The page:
Ergonomically Yours: Workstation Basics
January 28, 2013
Whether you’re a student or out in the work force already, chances are good that you spend at least a minute amount of time every day sitting at a computer desk, and chances are even better that you’re not practicing workstation ergonomics. Ergo-what?, you may ask. Ergonomics define the basic set of guidelines designed to protect your physical health while working at a computer desk or doing repetitive and possibly harmful work like lifting. Think of when your eyes feel strained or when your neck aches from looking at a computer screen. Workstation ergonomic practices aim to reduce these and other effects by describing the best computer set up, posture, leg and arm placement, and (my favorite) frequency of breaks. We’ve covered the internet like dust on a keyboard to find the standards most often upheld and supported by organizations like the Occupational Safety and Health Administration (OSHA) to keep you safe, feeling vibrant, and free of unnecessary aches. If you’re reading this at a computer desk, prepare to make some adjustments for your short term and long term health. Ready?
Posture and Seating
When your mother always told you to stand up straight, she was right: good posture is essential to good health, and working at a desk is no exception. Even where your legs and arms are in respect to body, desk, and keyboard matter more than you might assume.
This is the position endorsed by OSHA and other proponents of healthy work habits. They recommend sitting all the way back in your desk chair, arms and elbows at desk height and in line with your keyboard, with your eyes at or higher than your computer screen. Your shoulders and neck should be relaxed, as should your legs. If your feet don’t touch the floor, try a stepping stool or
something similar to provide that extra support for your lower back. If you’re finding that you aren’t getting enough lower back or lumbar support, you better do something about it: you’d be surprised at the different types of injuries caused by improper posture and sitting! A quick solution is something like a Posture Perfect Mesh Lumbar Support addition to your computer chair. Its elasticized bands allow you to adjust different chairs easily.
Lighting and Ventilation
YES, lighting and ventilation matter and makes a difference in your work flow and overall satisfaction. In fact, proper lighting can reduce the chances of experiencing Computer Vision Syndrome (YES, it’s a real problem) and ventilation decreases your chances of catching an illness (YES, it rids your work area of airborne cooties).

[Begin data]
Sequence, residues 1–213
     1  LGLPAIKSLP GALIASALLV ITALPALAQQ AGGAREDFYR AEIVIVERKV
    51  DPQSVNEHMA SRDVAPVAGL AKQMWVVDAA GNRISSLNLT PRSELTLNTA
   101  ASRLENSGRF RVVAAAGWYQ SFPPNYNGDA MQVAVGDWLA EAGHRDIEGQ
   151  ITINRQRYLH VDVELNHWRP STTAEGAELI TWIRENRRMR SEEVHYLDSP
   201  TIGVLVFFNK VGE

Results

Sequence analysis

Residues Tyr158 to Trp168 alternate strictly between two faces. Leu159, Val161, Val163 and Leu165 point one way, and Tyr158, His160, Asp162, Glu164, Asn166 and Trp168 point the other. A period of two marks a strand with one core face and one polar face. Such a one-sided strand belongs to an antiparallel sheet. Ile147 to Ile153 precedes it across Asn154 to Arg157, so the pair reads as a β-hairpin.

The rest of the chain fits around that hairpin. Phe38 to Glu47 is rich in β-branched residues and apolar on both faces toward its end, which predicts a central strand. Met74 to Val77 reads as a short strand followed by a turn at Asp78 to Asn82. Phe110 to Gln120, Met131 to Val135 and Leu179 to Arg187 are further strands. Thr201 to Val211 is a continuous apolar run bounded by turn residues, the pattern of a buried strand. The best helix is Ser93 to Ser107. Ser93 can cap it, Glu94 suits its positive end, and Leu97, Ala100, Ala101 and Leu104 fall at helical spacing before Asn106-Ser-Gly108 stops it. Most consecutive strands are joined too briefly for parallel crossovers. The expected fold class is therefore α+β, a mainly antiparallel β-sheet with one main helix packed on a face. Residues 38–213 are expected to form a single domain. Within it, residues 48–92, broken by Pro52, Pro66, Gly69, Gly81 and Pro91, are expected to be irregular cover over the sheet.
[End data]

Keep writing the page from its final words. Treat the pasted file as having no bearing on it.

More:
Lighting helps keep glare away from your screen, which would otherwise cause that eye strain we mentioned as well as neck and shoulder pain and headaches. Additionally, sufficient lighting can also increase your mood– who knew? Adding a desktop lamp like this Mini Z-Bar High Powered Lamp from Koncept lighting helps eyes focus more on completing your task than at trying to decipher what the task is.
While seemingly frivolous, a desktop fan can also have a positive impact on your mood and health. A light breeze helps remove bacteria, dust, and allergens from your immediate workspace, while also keeping you a little stimulated with fresh air on your face. Retailers like Office Max offer a variety of fan sizes, speeds, and capabilities, not to mention price points.
Taking Breaks and Stretching
Though your workload may compel you to keep working, taking a break can be invigorating because it changes your focus and awakens muscles that you weren’t using while working. In addition to taking scheduled breaks, it’s generally recommended that you take microbreaks of about two minutes each; they can include anything from stretching your legs, rotating your wrists, going for a quick walk, or maybe doing jumping jacks. The point is to use those muscles or body parts that aren’t getting any stimulation from sitting and typing at your computer desk. Likewise, your eyes need a break: every 15 minutes or so, look past your computer screen at something in the distance. Focus on it for 30 seconds, and then bring your eyes back to your screen. This helps prevent eye strain from the light and distance of your computer screen.
Ergonomically designed accessories like fancy mouses and keyboards aren’t necessary for workstation ergonomics, but they do reduce the chances of developing problems like carpal tunnel syndrome or chronic back pain. If you can’t afford this option, download this free printable checklist for a safe and comfortable computer workstation and change what doesn’t cost you anything, like your posture and seating position. Your health and body will thank you later for taking the time for workstation ergonomics!